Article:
“Not a lot of people know that.” It felt like a moment to recall the voice of Michael Caine.
Radio 4 Extra aired an old programme of “Touchline Tales” with Des Lynam and Christopher Matthew. Tangential to their discussion of the game described as association football or soccer, there was a recollection of Gyles Brandreth telling of how it had been the voice of Simon Callow that had warned passengers to “Mind the Gap.” Travelling from Kew Gardens to the Temple on the London Underground’s District Line in the early-1980s meant passing through the Embankment station each day, where a stern voice advised those boarding or leaving the train to “Mind the Gap.”
The instinctive reaction to such tales is to type the pertinent words into Google in order to verify the story. There were no immediate hits. Perhaps a longer search might have brought confirmation; what a longer search could not have done would have been to refute the story. Negatives cannot be proved, just because one cannot find verification of a story does not mean that it is not true.
There is no reason to disbelieve the story about Simon Callow, for anyone to have made up such a story would have served no purpose. If BBC Radio 4 broadcast the story, then it is reasonable to assume its veracity.
The problem of being unable to prove negatives becomes serious when one tries to deal with those who deal in “alternative facts” and “post-truths.” Appeals to empirical evidence can be futile. An attempt last spring to appeal to Government Census figures, in order to argue with the contention that there were “millions and millions” of Eastern Europeans in East Anglia, brought the assertion that the official figures were not true and that the Government was concealing the truth.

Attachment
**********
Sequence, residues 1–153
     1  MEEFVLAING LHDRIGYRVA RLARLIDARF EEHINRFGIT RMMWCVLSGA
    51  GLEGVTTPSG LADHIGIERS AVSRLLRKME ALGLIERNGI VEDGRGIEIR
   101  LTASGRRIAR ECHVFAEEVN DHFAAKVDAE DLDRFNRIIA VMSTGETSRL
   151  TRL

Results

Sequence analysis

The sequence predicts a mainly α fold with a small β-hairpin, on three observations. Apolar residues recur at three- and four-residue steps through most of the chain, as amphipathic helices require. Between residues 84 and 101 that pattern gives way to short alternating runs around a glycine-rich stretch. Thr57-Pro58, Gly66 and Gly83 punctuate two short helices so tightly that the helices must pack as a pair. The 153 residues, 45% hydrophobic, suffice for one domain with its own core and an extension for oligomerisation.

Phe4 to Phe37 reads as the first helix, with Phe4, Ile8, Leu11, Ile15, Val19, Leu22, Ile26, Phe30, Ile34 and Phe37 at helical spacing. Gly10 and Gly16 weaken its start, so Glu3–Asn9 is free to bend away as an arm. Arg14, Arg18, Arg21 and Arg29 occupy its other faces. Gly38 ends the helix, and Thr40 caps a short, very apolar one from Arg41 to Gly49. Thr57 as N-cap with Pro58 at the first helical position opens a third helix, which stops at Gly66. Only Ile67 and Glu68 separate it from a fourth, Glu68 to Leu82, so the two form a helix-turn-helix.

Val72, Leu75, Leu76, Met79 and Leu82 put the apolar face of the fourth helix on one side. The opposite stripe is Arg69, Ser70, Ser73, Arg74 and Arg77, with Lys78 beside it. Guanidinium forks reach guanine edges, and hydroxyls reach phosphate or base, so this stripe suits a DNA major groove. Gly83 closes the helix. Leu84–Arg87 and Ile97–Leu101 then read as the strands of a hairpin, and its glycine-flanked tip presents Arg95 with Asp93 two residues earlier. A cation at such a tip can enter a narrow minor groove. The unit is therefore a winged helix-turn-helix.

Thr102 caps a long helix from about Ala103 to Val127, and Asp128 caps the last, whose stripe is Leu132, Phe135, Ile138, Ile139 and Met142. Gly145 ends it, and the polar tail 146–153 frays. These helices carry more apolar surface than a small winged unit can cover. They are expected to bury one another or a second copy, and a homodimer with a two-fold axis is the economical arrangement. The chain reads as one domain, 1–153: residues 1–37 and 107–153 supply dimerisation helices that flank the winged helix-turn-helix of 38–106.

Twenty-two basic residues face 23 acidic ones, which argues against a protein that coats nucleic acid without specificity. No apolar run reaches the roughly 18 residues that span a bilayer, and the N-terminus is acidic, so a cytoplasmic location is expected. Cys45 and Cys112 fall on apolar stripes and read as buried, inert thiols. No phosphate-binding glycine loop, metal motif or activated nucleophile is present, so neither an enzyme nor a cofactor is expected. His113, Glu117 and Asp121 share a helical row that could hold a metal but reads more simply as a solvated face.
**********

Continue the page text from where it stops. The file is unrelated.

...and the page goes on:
When belief in “alternative facts” and “post-truths” is confronted with contradictory evidence, the reaction is not to accept the traditional path of scientific method, an approach which has shaped our thinking since the Eighteenth Century Enlightenment, and which should lead one to change one’s thesis in order to accommodate factual evidence, but instead to suggest that the contradiction is due to conspiracy, that “the media,” or “the Establishment,” or “the Government.” Disproving even nonsensical assertions becomes difficult when even demonstrable facts are rejected in preference for stories that undergird prejudice.
Do we eventually reach a point where the only things that are believed are the things that confirm one’s own thinking? Instead of living in times three centuries after the Enlightenment, we seem to be moving to times when thinking is comparable with that which prevailed three centuries before the scientific worldview began to change our world.
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